...life expectancy in Shakespeare's day was about 30 years. (That's why Shakespeare wrote of himself so often as aging and declining in sonnets written when he was only in his early 30s.) In England, 100 years ago, life expectancy was still less than 40 years among members of the working class. It was 60 around the turn of the century of this country. It is now 72. Even if Bjorksten, Segall, Phedra, and the hundreds of other longevity researchers are overly optimistic, even if we can raise lifespan only 50 per cent in this generation, that still means that you will probably live at least 30 years past the projected 72."
"This revolution can't be
defined in ordinary terms, either scientific or spiritual.
Our whole understanding of science and faith is being radically mutated.
Just this year, Dr. Ronald Bracewell, professor of engineering and astronomy
at Stanford, and Dr. Frank Drake, astronomer at Cornell, announced their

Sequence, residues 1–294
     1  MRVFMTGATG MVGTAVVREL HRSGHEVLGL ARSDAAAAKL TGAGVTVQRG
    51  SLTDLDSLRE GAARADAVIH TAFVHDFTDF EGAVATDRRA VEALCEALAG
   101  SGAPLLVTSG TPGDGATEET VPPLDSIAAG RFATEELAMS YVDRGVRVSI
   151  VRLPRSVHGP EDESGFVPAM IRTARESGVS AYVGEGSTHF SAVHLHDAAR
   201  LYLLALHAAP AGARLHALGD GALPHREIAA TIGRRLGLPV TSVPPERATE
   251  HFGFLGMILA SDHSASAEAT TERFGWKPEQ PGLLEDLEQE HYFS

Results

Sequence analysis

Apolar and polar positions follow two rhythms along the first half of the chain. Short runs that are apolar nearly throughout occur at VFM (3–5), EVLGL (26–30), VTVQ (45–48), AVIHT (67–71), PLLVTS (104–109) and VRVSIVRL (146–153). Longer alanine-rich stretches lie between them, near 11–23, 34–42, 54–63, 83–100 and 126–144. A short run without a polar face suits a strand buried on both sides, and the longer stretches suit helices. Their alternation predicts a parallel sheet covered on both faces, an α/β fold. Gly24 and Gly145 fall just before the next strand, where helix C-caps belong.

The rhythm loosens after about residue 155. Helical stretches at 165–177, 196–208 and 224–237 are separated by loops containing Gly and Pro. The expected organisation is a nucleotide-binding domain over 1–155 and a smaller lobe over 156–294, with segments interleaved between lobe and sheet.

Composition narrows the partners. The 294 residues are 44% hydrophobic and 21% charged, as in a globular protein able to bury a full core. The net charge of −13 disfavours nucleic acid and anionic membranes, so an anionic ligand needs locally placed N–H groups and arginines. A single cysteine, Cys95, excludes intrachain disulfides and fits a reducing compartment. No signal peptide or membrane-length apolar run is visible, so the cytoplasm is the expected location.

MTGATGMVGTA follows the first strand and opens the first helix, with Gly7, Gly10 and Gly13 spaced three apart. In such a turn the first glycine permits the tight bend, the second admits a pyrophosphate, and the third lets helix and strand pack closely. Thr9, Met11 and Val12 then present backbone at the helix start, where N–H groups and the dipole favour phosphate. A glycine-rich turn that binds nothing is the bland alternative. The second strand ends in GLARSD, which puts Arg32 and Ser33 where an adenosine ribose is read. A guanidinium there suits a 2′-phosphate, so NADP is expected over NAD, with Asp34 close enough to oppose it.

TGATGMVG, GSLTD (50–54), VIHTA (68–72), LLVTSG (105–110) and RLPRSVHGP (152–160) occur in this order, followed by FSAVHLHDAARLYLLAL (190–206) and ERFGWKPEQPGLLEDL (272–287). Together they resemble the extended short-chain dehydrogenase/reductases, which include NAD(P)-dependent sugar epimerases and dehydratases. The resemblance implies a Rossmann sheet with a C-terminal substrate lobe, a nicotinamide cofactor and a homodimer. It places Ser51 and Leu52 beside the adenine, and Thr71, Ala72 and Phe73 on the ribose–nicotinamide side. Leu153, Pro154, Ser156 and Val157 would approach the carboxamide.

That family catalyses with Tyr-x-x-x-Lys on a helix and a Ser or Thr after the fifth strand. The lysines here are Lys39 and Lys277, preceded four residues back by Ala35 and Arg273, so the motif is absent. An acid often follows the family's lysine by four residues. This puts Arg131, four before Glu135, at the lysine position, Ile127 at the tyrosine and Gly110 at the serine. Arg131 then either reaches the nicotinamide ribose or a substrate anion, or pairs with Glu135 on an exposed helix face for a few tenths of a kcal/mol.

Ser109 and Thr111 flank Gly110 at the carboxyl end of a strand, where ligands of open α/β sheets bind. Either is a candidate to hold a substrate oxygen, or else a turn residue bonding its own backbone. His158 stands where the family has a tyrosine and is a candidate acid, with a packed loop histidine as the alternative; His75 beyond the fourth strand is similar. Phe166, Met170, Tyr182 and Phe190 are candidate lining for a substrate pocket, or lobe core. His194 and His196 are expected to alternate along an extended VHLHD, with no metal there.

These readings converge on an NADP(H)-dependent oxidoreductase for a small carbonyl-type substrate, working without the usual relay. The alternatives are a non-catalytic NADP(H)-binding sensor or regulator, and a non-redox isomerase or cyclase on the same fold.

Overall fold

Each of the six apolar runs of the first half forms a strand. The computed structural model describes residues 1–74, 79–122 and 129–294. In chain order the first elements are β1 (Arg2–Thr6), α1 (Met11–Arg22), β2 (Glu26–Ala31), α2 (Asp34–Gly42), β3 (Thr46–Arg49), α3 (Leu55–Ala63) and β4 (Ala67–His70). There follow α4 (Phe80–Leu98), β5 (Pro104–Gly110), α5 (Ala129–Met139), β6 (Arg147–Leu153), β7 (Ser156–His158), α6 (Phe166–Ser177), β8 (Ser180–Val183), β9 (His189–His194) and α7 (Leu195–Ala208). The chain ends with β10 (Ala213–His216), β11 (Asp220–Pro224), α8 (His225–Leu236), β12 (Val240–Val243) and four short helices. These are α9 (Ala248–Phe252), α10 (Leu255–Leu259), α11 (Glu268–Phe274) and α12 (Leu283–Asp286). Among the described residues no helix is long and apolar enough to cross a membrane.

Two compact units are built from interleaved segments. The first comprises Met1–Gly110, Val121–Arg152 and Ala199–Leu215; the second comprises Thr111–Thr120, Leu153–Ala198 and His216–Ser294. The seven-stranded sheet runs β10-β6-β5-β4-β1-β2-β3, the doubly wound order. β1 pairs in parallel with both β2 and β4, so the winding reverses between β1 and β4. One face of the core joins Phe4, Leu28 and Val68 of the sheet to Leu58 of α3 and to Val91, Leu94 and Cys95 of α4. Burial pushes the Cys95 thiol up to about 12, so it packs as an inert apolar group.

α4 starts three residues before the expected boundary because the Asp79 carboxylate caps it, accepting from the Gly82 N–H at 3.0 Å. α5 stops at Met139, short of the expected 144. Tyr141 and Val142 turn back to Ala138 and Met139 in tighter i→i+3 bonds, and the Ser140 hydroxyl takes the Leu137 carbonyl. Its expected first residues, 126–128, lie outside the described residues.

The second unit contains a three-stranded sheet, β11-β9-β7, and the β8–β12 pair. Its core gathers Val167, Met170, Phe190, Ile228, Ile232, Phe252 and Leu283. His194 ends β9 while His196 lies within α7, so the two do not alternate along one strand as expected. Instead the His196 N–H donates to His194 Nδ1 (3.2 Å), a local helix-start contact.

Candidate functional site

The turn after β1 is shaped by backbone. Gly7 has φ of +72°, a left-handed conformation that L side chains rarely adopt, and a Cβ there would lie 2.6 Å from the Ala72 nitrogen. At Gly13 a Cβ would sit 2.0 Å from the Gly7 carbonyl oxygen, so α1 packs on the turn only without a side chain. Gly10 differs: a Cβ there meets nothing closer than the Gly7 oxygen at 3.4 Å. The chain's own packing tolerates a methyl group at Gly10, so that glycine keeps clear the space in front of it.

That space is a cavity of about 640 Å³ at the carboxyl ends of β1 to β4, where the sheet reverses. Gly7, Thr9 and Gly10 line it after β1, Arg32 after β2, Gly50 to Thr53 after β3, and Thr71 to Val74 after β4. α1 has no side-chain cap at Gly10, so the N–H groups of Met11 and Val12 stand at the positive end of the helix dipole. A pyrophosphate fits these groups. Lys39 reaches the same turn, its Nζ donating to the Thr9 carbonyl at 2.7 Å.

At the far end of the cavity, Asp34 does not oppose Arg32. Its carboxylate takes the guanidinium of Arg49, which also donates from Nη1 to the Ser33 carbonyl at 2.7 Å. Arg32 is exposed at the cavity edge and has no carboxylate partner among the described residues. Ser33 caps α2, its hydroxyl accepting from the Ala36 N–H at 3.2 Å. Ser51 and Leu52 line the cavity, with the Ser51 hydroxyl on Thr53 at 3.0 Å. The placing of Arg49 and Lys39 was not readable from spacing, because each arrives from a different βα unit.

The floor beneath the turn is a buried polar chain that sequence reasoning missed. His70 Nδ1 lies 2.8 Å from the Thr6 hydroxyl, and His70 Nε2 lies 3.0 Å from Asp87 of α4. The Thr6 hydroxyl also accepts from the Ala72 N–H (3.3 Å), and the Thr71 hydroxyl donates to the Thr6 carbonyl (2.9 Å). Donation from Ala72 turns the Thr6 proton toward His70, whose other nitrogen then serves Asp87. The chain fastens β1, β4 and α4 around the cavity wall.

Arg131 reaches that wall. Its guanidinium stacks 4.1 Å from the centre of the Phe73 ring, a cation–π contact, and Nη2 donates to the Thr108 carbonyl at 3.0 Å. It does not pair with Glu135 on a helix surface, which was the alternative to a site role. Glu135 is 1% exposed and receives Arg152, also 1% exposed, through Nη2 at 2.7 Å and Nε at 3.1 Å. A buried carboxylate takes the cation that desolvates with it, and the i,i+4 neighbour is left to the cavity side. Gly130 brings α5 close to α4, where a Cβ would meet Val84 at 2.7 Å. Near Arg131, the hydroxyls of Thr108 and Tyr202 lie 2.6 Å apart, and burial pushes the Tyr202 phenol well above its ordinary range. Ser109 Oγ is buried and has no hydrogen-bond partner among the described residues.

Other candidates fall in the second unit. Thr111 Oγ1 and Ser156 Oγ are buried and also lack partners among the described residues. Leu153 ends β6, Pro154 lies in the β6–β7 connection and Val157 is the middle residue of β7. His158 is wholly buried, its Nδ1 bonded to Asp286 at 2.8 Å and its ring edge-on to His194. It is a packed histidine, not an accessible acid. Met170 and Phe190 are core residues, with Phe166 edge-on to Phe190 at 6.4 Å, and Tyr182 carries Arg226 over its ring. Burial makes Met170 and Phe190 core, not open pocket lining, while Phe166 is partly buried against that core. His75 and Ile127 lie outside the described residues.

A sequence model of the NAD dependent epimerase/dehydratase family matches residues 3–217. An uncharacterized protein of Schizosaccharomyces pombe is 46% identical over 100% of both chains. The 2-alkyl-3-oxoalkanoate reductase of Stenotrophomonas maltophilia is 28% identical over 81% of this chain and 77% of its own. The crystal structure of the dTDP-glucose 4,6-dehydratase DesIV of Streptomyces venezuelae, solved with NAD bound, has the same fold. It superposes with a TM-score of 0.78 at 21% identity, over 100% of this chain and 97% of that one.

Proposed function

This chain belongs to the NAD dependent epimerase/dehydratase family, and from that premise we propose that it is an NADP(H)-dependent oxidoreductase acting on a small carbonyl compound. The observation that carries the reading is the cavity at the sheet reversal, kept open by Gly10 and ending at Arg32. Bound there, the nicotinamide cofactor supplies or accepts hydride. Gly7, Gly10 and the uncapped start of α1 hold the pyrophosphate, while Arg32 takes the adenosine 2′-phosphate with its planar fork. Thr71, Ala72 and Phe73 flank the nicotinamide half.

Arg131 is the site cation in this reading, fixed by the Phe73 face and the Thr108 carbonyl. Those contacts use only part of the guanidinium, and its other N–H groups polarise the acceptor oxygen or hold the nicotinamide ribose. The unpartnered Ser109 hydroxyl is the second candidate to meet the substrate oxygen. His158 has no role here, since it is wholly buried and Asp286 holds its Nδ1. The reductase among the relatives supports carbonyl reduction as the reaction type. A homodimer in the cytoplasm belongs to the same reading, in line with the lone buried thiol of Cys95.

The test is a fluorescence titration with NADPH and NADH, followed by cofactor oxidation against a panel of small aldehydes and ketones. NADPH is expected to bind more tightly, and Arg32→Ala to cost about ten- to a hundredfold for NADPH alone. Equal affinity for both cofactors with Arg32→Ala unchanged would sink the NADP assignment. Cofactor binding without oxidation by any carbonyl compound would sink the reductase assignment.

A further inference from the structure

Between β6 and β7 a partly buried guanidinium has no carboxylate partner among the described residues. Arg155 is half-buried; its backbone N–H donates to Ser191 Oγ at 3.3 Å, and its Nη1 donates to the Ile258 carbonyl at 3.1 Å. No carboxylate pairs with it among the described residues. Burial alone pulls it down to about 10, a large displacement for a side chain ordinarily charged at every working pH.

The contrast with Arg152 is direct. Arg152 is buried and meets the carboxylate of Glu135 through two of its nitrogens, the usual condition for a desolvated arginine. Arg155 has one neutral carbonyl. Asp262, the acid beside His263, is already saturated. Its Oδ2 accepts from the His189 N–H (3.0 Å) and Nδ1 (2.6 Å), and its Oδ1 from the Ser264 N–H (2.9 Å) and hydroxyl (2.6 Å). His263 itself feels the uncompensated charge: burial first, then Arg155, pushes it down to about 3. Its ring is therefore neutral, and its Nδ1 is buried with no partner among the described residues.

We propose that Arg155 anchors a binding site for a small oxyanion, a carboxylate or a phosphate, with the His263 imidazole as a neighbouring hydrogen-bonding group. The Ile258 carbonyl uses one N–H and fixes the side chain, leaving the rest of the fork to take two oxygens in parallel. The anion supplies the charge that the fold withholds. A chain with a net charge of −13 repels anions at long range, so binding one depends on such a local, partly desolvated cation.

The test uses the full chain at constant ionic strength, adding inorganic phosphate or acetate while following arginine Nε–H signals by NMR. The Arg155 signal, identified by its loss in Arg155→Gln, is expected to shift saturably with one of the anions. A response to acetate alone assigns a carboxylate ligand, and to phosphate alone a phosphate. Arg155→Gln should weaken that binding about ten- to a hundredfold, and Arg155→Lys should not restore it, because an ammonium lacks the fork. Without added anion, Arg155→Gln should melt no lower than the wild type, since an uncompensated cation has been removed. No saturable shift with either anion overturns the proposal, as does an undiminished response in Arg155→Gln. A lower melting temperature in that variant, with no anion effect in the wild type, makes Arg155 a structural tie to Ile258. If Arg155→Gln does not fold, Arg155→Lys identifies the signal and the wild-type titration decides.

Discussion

belief that "we'll learn the secret of longevity from space aliens who
are trying to communicate with us right now." These are distinguised
men who are careful of their reputations. Dr. Drake later wrote in
the prestigious Technology Review of M.I.T. that he now believes
the majority of advanced races in this galaxy have immortality."
- Robert Anton Wilson - _The Illuminati Papers_ published (1980)
Phoenix (mythology), legendary bird that lived in Arabia. The phoenix consumed itself by fire every 500 years, and a new phoenix sprang from its ashes. In ancient Egypt the phoenix represented the sun. Early Christian tradition adopted the phoenix as a symbol of immortality and resurrection.
I asked the spirits to show me Shakespeare. They said, "okay" (they are not always so accomodating). He was a magical being of great size and power, made of energy. There were a million spirits in the form of fizzy colored lights dancing around him, like tiny Japanese lanterns or candleflames, helping him as he wrote, his pen scrawling across the quantum Void. James Joyce was there as well - he was like a little pendant resting on Shakespeare's desk. I recognized that part of the artist's spirit went directly into their creations. Their spiritual power depended on the earthbound public's continued desire for their work. That is the deeper meaning of the artist's quest for immortality.